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Identifying Welfare Effects from Subjective Questions

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  • Ravallion, Martin
  • Lokshin, Michael

Abstract

We argue that the welfare inferences drawn from answers to subjective-qualitative survey questions are clouded by concerns over the structure of measurement errors and how latent psychological factors influence observed respondent characteristics. We propose a panel data model that allows more robust tests and we estimate the model on a high-quality survey for Russia. We find significant income effects on an individual's subjective economic welfare. Demographic effects are weak at given income per capita. Ill-health and becoming unemployed lower welfare at given current income, although the unemployment effect is not robust, and returning to work does not restore welfare without an income gain. Copyright 2001 by The London School of Economics and Political Science

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Bibliographic Info

Article provided by London School of Economics and Political Science in its journal Economica.

Volume (Year): 68 (2001)
Issue (Month): 271 (August)
Pages: 335-57

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Handle: RePEc:bla:econom:v:68:y:2001:i:271:p:335-57

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  1. Lanjouw, Peter & Ravallion, Martin, 1995. "Poverty and Household Size," Economic Journal, Royal Economic Society, vol. 105(433), pages 1415-34, November.
  2. Kapteyn, A.J., 1994. "The measurement of household cost functions: Revealed preference versus subjective measures," Discussion Paper 1994-3, Tilburg University, Center for Economic Research.
  3. Seidl, Christian, 1994. "How sensible is the Leyden individual welfare function of income?," European Economic Review, Elsevier, vol. 38(8), pages 1633-1659, October.
  4. Kapteyn, A.J. & Kooreman, P. & Willemse, R., 1987. "Some methodological issues in the implementation of subjective poverty definitions," Research Memorandum 245, Tilburg University, Faculty of Economics and Business Administration.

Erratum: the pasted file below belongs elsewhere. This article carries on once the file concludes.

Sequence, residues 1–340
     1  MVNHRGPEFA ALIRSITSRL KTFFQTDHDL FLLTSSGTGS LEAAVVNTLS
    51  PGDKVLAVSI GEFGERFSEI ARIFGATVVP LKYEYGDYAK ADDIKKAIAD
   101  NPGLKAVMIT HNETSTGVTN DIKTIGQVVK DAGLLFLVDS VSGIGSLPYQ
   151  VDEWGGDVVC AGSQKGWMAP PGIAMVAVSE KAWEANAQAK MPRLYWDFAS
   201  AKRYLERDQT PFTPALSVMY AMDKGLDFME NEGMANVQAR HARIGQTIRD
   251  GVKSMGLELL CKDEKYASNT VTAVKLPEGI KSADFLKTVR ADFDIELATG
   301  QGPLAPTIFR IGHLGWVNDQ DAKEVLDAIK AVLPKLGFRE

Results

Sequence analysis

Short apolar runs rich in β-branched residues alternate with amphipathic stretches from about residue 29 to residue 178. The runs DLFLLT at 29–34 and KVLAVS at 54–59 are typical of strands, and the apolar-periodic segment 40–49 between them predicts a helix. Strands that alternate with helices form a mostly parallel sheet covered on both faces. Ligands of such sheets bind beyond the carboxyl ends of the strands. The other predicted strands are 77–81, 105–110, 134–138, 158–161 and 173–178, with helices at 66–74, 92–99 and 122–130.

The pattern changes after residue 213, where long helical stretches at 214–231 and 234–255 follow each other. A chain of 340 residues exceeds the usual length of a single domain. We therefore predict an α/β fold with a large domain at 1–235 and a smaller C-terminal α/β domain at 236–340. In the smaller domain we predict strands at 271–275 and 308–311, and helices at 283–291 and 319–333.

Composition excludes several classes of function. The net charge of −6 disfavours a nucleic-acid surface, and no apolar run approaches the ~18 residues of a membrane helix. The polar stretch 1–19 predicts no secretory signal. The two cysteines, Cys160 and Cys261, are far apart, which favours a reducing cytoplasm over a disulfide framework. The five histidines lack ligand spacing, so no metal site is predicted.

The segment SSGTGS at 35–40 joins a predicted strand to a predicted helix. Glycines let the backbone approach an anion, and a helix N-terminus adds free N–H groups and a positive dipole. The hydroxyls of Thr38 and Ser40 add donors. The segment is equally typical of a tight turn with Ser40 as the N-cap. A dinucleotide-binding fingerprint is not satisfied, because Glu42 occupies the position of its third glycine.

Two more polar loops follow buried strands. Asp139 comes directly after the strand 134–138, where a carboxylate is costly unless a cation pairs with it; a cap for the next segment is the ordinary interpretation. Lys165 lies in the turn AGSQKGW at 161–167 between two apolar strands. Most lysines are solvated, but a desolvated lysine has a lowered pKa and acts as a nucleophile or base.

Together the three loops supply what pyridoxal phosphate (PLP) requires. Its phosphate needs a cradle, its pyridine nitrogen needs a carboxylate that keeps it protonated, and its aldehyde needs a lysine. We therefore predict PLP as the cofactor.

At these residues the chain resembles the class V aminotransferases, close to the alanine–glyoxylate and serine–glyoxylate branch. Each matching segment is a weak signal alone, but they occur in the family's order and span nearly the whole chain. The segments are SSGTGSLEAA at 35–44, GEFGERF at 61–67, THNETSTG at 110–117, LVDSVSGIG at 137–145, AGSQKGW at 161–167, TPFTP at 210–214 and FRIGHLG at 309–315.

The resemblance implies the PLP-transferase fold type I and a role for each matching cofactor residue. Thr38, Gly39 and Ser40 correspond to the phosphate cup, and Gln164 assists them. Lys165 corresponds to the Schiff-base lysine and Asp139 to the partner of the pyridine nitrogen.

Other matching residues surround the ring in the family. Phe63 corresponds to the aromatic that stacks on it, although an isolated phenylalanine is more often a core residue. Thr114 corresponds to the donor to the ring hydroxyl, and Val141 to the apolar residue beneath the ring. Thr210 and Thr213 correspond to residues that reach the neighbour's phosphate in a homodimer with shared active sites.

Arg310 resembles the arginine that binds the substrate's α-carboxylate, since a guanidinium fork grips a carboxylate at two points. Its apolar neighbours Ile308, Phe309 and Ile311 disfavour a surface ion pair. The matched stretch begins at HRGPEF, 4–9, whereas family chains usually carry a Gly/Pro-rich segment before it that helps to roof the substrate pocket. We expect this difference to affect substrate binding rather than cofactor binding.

5. Oswald, Andrew J, 1997. "Happiness and Economic Performance," Economic Journal, Royal Economic Society, vol. 107(445), pages 1815-31, November.
  6. Kapteyn, A.J., 1994. "The measurement of household cost functions: Revealed preference versus subjective measures," Open Access publications from Tilburg University urn:nbn:nl:ui:12-364386, Tilburg University.
  7. Blanchflower, D.G. & Oswald, A.J., 1997. "A Study of Labour Markets and Youth Unemployment in Eastern Europe," The Warwick Economics Research Paper Series (TWERPS) 499, University of Warwick, Department of Economics.
  8. Rose, Richard & McAllister, Ian, 1996. "Is Money the Measure of Welfare in Russia?," Review of Income and Wealth, International Association for Research in Income and Wealth, vol. 42(1), pages 75-90, March.
  9. Pradhan, Menno & Ravallion, Martin, 1998. "Measuring poverty using qualitative perceptions of welfare," Policy Research Working Paper Series 2011, The World Bank.
  10. Chamberlain, Gary, 1984. "Panel data," Handbook of Econometrics, in: Z. Griliches† & M. D. Intriligator (ed.), Handbook of Econometrics, edition 1, volume 2, chapter 22, pages 1247-1318 Elsevier.
  11. Hausman, Jerry A, 1978. "Specification Tests in Econometrics," Econometrica, Econometric Society, vol. 46(6), pages 1251-71, November.
  12. Winkelmann, Liliana & Winkelmann, Rainer, 1998. "Why Are the Unemployed So Unhappy? Evidence from Panel Data," Economica, London School of Economics and Political Science, vol. 65(257), pages 1-15, February.
  13. Clark, Andrew E & Oswald, Andrew J, 1994. "Unhappiness and Unemployment," Economic Journal, Royal Economic Society, vol. 104(424), pages 648-59, May.
  14. Ed Diener & Eunkook Suh, 1997. "Measuring Quality Of Life: Economic, Social, And Subjective Indicators," Social Indicators Research, Springer, vol. 40(1), pages 189-216, January.
  15. William A. Darity & Arthur H. Goldsmith, 1996. "Social Psychology, Unemployment and Macroeconomics," Journal of Economic Perspectives, American Economic Association, vol. 10(1), pages 121-140, Winter.
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